I was flying back home from Ireland in late September 1985 and had just settled into my seat, when John Huston boarded two rows directly in front of me. I immediately recognized him, given his height and that wonderful white beard he sported for so many years. Accompanying Huston was a female assistant who took care of his needs, which included an oxygen tank that he was hooked up to - at this stage in his life, he was suffering from emphysema. But if his health was causing him any agony, he certainly didn't show it this particular day, as I soon discovered.
About 30 minutes into the flight, the lead flight attendant, standing only a few feet from Huston, announced on the intercom that the movie that day was Prizzi's Honor. I couldn't believe my ears, as here was Huston's latest film - it had been released only a few months earlier - and I was going to watch it with the director as part of the audience.
When the flight attendant finished her remarks, Huston, who was in fine voice, barked at the woman, "Stewardess! Who books the movies on these flights?" The poor woman, obviously flustered at the demands of this man whom she did not know, said sheepishly, "I'm not sure, sir. But I can find out for you."
Huston smiled and then addressed her. "Well, you tell them, this is the worst movie I've ever seen!" All she could do was try and be helpful.. "Yes, sir. Sorry, sir. I'll let them know."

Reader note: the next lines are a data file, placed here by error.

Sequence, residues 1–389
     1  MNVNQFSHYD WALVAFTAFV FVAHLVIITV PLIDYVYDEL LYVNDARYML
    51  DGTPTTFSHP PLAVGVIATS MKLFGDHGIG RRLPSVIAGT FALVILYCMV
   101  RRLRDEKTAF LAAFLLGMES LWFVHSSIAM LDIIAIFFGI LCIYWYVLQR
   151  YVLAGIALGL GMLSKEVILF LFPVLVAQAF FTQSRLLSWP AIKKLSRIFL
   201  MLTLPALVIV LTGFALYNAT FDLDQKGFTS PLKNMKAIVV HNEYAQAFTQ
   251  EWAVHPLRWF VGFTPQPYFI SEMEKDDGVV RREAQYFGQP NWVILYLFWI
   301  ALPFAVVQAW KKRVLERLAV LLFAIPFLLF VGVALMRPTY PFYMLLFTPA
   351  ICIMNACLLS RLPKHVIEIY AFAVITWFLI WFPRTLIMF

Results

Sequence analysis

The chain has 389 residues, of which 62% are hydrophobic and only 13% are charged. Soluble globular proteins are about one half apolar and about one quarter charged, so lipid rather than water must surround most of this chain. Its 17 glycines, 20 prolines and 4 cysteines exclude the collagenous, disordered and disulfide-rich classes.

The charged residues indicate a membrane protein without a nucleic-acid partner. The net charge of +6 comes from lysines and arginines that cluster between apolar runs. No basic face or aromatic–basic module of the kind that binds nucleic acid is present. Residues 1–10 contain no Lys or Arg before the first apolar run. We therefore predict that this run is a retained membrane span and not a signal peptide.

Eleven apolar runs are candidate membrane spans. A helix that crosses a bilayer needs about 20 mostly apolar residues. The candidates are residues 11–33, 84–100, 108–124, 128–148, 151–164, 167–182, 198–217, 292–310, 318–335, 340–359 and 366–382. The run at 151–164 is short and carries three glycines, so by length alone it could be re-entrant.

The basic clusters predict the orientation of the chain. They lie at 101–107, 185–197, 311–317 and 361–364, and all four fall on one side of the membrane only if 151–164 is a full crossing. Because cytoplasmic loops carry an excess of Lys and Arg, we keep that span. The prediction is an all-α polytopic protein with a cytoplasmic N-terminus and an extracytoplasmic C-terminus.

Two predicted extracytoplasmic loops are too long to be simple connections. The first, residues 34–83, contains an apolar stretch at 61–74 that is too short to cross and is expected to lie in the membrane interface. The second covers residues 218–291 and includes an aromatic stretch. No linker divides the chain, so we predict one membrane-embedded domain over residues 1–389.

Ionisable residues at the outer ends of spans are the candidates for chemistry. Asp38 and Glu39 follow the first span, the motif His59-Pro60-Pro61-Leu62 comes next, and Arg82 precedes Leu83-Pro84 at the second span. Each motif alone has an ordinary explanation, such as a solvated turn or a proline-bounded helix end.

I was doubled over in laughter in my seat, but looking around, no one else seemed to get the joke. It didn't matter, as Huston, even in his advancing years, hadn't lost his sense of humor.
Although I didn't get the chance to speak with Huston given his condition, I'll never forget the spark he displayed that day. No wonder so many great actors wanted to work with him. How could you not love someone who enjoyed that type of mischievous fun?
In early 1942, just as John Huston was wrapping up principal photography of Across the Pacific, he was given a commission as a Lieutenant in the Army Signal Corps and assigned to a meaningless job in Washington. After a short while, he managed to get himself transferred to the Aleutian Islands and once there, made the first of three documentaries for the Army. Seen together, they represent very different views of the war and the effects combat had on the soldiers. They are fascinating chapters in the director's register.
REPORT FROM THE ALEUTIANS (1942) This 43-minute film, shot in color, was narrated from start to finish by Huston himself. The opening shot is of a map showing the viewer exactly where the Aleutian Islands were, west of Alaska, with one island, Adak, located only 250 miles from Japanese-held territory.